that system of things: The Greek word ai·onʹ, having the basic meaning “age,” can refer to a state of affairs or to features that distinguish a certain period of time, epoch, or age. Here it refers to the coming system of things under God’s rule, when the resurrection from the dead will take place.—See study notes on Mt 12:32; Mr 10:30 and Glossary, “System(s) of things.”
children: Lit., “sons.” The Greek word for “son” occurs twice in this verse. In some contexts, it is used in a broader sense than merely referring to immediate male offspring.—See study note on Lu 20:34.
even Moses made known: See study note on Mr 12:26.
when he calls Jehovah ‘the God of Abraham’: Or “when he says: ‘Jehovah the God of Abraham.’” Jesus is here explaining that Moses refers to Jehovah as still being the God of the patriarchs long after they had died. The quote in this verse is taken from Ex 3:6. The preceding verses (Ex 3:4, 5) show that “Jehovah” is the one speaking, and at Ex 3:6, Jehovah says to Moses: “I am the God of your father, the God of Abraham, the God of Isaac, and the God of Jacob.” At that time, Abraham had been dead for 329 years, Isaac for 224, and Jacob for 197. Yet, Jehovah did not say: ‘I was the God of.’ He said: “I am the God of.” This Hebrew Scripture background is one of the reasons why the New World Translation uses the name Jehovah in the main text.—See App. C1 and C3 introduction; Lu 20:37.
for they are all living to him: Or “for they are all living from his standpoint.” The Bible shows that those who are living but who are alienated from God are dead from his standpoint. (Eph 2:1; 1Ti 5:6) Likewise, approved servants of God who die are still living from Jehovah’s standpoint, since his purpose to resurrect them is sure of fulfillment.—Ro 4:16, 17.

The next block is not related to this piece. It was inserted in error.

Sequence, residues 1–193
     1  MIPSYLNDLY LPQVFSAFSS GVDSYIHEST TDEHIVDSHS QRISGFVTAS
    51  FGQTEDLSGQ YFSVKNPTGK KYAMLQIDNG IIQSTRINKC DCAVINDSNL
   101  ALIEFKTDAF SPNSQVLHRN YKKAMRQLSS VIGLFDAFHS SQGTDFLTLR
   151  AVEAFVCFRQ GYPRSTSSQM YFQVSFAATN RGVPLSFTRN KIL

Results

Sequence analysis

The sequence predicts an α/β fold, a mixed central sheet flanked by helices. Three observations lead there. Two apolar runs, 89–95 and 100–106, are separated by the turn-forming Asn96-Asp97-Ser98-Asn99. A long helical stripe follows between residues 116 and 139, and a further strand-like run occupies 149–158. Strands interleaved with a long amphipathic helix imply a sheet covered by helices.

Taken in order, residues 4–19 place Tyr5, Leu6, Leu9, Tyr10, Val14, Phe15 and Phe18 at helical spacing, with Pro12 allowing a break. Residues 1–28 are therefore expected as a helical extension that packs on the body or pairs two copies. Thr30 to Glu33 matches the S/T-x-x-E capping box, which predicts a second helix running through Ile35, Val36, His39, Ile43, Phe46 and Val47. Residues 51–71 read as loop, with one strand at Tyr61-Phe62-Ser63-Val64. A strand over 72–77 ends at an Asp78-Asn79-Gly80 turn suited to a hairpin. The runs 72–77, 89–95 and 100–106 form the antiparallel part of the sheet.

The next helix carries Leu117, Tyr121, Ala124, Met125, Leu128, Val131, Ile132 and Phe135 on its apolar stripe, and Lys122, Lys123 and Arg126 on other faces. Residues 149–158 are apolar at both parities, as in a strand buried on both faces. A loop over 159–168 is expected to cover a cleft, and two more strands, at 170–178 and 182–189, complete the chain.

Jehovah: The divine name, represented by four Hebrew consonants (transliterated YHWH), occurs in the original Hebrew text at Ps 110:1, quoted here. However, as explained in App. A5, most Bible translations do not use God’s name in what is commonly called the New Testament, not even in quotations from the Hebrew Scriptures. Most Bibles simply use “Lord.” Yet, as shown in App. C, some Bible translations do use such renderings as Jehovah, Yahveh, Yahweh, יהוה (YHWH, or the Tetragrammaton), LORD, and ADONAI in capital letters (indicating that it is a substitute for God’s name) in the main text of the Christian Greek Scriptures. Some 17th-century editions of the King James Version have the rendering “the LORD” in capital letters here and at three other places where Ps 110:1 is quoted in the Christian Greek Scriptures. (Mt 22:44; Mr 12:36; Ac 2:34) Later editions continued this practice. Since “the LORD” is used in the Hebrew Scriptures of that translation to indicate where the original Hebrew text uses the divine name, the same way of writing “the LORD” in the Christian Greek Scriptures would indicate that the translators thought that it is Jehovah who is being referred to. It is also interesting to note that the New King James Version, first published in 1979, extends this use of “the LORD” to all occurrences of that word when it refers to the divine name in quotes from the Hebrew Scriptures.
marketplaces: See study note on Mt 23:7.
front seats: See study note on Mt 23:6.